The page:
High cost of accessing political power in Nigeria
As we continue to bemoan successive inept, ineffective and clueless political leadership here in Nigeria we must not lose sight of how most of our politicians got into power, in the first instance. Truth be told, the high cost of accessing political power is at the heart of the ever increasing incident of financial corruption as perpetrated by not a few politicians in the corridors of power.
They spend humongous sums of money, with some politicians having to sell some valuable physical assets, borrow money from banks, commit ritual murders or bend to the weird wishes of some powerful godfathers to get elected into office. Their allegiance, when they eventually succeed, would obviously be to their paymasters rather than the electorate who they lie to during sundry electioneering campaigns. The piper, as the wise ones say dictates the tune.
As a former Senate President, Adolphus Wabara once alluded to the fact that politics is more like business in Nigeria. You invest huge sums of money so as to reap bountifully, by way of fat pay packages, spurious allowances and inflated contracts. With all these firmly in place can that intelligent, patriotic but poor citizen ever get to the pedestal of political power? And will our type of democracy ever favour those on the lowest rung of the societal ladder? I have my doubts.
We must admit, however, that the political structure has always been skewed ab nitio in favour of the rotten rich, at the expense of the poor masses, for eons. Unfortunately, this is one aspect of the presidential system of government we have willy-nilly adopted from the United States. Hence, the clamour for a return to parliamentary system devoid of bicameral legislature by some concerned Nigerians.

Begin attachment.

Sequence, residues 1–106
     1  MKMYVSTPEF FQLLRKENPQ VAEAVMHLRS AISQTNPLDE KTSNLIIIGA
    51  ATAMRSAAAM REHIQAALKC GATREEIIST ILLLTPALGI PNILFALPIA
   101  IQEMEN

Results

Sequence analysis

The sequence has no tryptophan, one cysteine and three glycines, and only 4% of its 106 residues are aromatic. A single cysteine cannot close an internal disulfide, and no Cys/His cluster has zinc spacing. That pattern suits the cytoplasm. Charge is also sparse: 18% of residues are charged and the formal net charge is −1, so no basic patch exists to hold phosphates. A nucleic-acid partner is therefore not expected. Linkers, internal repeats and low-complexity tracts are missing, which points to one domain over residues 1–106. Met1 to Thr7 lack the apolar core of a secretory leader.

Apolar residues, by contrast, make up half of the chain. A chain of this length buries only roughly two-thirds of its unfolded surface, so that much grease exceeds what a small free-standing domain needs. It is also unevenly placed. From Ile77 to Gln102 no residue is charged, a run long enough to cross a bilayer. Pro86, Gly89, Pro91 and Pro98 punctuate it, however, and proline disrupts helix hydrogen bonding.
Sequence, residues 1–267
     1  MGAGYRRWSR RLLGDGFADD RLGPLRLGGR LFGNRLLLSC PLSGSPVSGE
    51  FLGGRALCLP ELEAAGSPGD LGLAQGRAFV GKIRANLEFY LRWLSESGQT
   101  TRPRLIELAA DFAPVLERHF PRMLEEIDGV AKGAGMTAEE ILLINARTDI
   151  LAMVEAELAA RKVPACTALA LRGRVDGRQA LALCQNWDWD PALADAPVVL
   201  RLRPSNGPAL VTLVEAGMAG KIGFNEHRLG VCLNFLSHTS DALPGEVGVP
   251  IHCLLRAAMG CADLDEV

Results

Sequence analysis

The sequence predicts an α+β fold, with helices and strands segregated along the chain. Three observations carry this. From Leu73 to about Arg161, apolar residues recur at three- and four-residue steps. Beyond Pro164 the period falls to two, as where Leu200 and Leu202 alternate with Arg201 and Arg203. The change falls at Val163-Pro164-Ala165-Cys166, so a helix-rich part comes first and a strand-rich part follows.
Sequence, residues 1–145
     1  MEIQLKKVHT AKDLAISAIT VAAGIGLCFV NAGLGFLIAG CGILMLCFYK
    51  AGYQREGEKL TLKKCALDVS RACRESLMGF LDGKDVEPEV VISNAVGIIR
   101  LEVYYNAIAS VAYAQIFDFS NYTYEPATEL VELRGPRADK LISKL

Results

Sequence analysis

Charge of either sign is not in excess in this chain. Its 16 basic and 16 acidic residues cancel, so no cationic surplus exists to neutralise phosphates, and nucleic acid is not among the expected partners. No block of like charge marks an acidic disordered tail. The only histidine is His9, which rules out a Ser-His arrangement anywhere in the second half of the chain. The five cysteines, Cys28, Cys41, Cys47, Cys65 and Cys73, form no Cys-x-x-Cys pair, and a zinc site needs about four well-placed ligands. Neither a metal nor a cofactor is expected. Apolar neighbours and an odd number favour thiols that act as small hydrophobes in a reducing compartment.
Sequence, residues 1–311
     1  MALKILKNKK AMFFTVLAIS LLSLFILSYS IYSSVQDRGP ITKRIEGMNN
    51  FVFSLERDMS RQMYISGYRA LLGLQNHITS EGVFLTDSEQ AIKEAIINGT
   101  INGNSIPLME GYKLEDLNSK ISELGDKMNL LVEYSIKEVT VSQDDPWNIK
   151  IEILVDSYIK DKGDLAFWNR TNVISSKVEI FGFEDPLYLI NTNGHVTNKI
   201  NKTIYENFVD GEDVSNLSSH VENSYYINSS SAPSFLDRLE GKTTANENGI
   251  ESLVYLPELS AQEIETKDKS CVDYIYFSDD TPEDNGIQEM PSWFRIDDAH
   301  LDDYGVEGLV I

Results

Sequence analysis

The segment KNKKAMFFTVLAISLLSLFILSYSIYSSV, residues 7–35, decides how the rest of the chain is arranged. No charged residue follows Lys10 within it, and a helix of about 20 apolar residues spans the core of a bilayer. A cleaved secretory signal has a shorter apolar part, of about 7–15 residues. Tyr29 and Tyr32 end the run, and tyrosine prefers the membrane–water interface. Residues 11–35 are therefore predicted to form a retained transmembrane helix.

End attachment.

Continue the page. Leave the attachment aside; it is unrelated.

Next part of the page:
According to Adebowale Olorunmola who has looked critically at this rather troubling issue, former United States President, Barrack
Obama in ‘The Audacity of Hope’ (2006), touched tellingly on the power of money in politics when he wrote that incumbent “Peter Fitzgerald had spent $19 million of his personal wealth to unseat his predecessor, Carol Mosley Braun”. Also, John C. Green (2006) highlighted the significance of money to party politics among other resources and factors which political parties utilize in the process of trying to control the levels of political power.
Though the 1999 constitution of the Federal Republic of Nigeria (as amended) specifies in Section 225 (1-6) the conditions and the scrutiny of the sources of funds and expenses of political parties these are never followed to the letters. For instance, Section 225 (3)(a) and (b) as well as 225 (4) forbid political parties from foreign funding of any kind. Section 226 (1-3) demands annual reports of account from political parties. Also significant is that the Electoral Act (2010) stipulates the ceiling of expenses by candidates and political parties for specific elective positions.
The maximum limits are pegged at: N1,000,000,000 for presidential candidates, N200,000,000 for governorship candidates, and N40,000,000 and N20,000,000 respectively for Senate and House of Representatives candidates. But what about the exorbitant sums of money they pay at the party level to pick nomination forms?